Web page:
“Darkness cannot drive out darkness: only light can do that. Hate cannot drive out hate: only love can do that.” ~ Martin Luther King, Jr. Since Oct. 7, I have been struggling with what to write in my newsletter, what to post online, how to show up and be helpful to others when I too was sad, afraid, paralyzed and drained by the news from Israel and Gaza. The tools that have helped me in the past to manage anxiety, grief and fear felt trite to offer up in response to the atrocities happening now.
I KNOW that witnessing violence and bloodshed online and watching innocent victims in both countries is not good for my mental health. My brain cannot discern what is near and what is far, so even from a distance, the effect on me is as if danger is real and close. I KNOW that it’s survivor’s guilt telling me I have a responsibility to watch more news than I know is good for me. That innocent victims on all sides are experiencing the atrocities first hand so the least I can do is bear witness. I KNOW that, “How much you consume the news is not a measure of how much you care,” as says Dr.Thema Bryant, current President of the American Psychological Association. I KNOW not to succumb to the darkness because then evil wins. That the harsh retribution happening is exactly what the terrorists want - the fighting, the hatred, the violence begetting violence. That darkness is an overwhelming and powerful force we must fight with every ounce of our being by continuously looking for the light, the love, the heroes, the good in humanity on all sides. I KNOW to get in touch with my own power by focusing on what I CAN control, what is within my capacity to care for myself and others. I KNOW ALL OF THIS. The last ten years of my life have been focused on learning the tools experts are prescribing right now to cope, survive and heal. AND STILL, IT’S REALLY CHALLENGING. So, I can only imagine how it is for those who haven’t learned or practiced using mindfulness tools to manage their thoughts and emotions. At the end of this letter, there is a button that will link you to 10 tools I find useful to manage my mind and mood in challenging times. But first I want to share a story with you that inspired me out of my paralysis and reminded me of how powerful mindfulness tools can be. That even as a counter to such egregious violence, these quiet, gentle practices can be effective, and even lifesaving. This past Sunday, on CNN’s THE WHOLE STORY, Anderson Cooper interviewed Maya Alper, a 25 year old survivor of the Israeli music festival attack. This young woman used her cell phone to film herself while hiding in a bush for six hours as the terror happened around her. At varying times the gunmen were a mere few feet away. This woman used breathing, gratitude, and visualization techniques to help her stay quiet and calm until she was rescued. Here are some of her words: “In all of that - being surrounded by living hell - so much death and hate, I sat in my bush smiling, breathing, praying in my own way for myself, for peace and for love. I realised that between all of the bombs, gunshots and screams - the birds were still singing, and behind all the smoke the sky is still blue and I kept focusing on that…whenever any thought of stress, fear, anger or revenge came to my mind - I stopped, I took a breath and gave gratitude for at least three things in my now moment - “thank you for the bush that is keeping me safe, thank you for the birds singing to me, and thank me for doing such a great job at the situation I’m in.” And here is advice she offers to the rest of us as someone who watched the evil firsthand: “As important as it is to acknowledge the horrors that have happened there, as a country and a community, let’s put our focus and energy on how we are all uniting together. Every single person in Israel right now helps in his own magical way, giving his gifts to the world right now, there is no more mine or my - we are all giving to whoever needs it right now and that is something that no one can take away from us. The strongest weapon in the world is our collective consciousness, let’s put it to good use together.” If Maya could do this while in the midst of such terror, then I believe, in honor of all the victims (as well as survivors) we can do the same. As Eleanor Roosevelt said, “It is better to light one small candle than to curse the darkness.” When we succumb to the darkness, evil wins. Let’s each try to be a light for ourselves and for others. If you want evidence that this is about people not politics, it was an Arab Israeli who came to Maya’s rescue. There is light in the darkness. You just have to be open to seeing it.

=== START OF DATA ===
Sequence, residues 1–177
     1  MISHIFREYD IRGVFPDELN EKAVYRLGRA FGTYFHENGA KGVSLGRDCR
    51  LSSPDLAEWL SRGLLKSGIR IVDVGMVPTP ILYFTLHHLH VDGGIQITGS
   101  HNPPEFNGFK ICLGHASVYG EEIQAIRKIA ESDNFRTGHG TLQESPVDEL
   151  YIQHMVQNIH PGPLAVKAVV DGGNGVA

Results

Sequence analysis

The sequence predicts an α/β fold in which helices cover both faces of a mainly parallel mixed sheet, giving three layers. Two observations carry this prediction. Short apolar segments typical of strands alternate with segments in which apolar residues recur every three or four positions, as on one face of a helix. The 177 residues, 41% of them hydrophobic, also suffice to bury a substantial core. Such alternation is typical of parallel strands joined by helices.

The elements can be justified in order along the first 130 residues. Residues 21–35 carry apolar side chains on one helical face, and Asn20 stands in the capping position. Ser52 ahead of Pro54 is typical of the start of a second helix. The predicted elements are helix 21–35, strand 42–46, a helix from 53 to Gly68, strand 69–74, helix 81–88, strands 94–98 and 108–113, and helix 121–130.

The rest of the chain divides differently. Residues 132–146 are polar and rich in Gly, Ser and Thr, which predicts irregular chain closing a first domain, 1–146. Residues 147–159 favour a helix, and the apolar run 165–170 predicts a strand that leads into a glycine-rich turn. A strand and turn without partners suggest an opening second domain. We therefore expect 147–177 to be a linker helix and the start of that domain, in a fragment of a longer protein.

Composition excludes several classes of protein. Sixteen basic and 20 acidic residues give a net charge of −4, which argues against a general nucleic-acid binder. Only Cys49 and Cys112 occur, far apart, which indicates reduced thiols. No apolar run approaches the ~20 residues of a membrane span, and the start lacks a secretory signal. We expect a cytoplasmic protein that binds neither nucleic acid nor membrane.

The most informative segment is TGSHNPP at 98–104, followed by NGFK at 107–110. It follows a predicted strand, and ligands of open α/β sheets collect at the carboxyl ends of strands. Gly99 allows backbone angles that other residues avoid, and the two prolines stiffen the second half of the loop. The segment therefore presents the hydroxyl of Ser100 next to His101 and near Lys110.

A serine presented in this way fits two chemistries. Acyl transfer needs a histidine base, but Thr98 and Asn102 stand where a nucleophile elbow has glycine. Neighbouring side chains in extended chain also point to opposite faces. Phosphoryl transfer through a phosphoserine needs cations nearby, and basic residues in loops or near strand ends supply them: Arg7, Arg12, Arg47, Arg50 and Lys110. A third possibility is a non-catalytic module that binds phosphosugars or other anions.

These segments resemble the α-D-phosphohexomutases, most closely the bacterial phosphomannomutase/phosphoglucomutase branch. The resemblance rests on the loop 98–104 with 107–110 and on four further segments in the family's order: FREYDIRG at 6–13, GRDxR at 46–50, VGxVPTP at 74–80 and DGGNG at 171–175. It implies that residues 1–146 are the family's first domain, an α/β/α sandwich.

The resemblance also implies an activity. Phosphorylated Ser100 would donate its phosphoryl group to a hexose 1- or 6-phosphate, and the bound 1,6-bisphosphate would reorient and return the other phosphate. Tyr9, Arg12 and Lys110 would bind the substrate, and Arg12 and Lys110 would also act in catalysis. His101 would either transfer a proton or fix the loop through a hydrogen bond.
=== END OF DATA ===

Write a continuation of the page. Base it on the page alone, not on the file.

Here is a resource I've created to help you get through hard times like these. For my community, I am also offering a free 60-minute coaching session because that is within my capacity. It’s for anyone who needs or wants a safe, non-judgmental space to express their thoughts and feelings, or to learn mindfulness techniques.
My instinct is that this is a marathon, not a sprint. And since the recent years have not been easy on us, we need more than ever to have strategies and practices in place to manage our nervous systems long-term. I’m here to help. I wish you all safety, peace, love, and light in the darkness.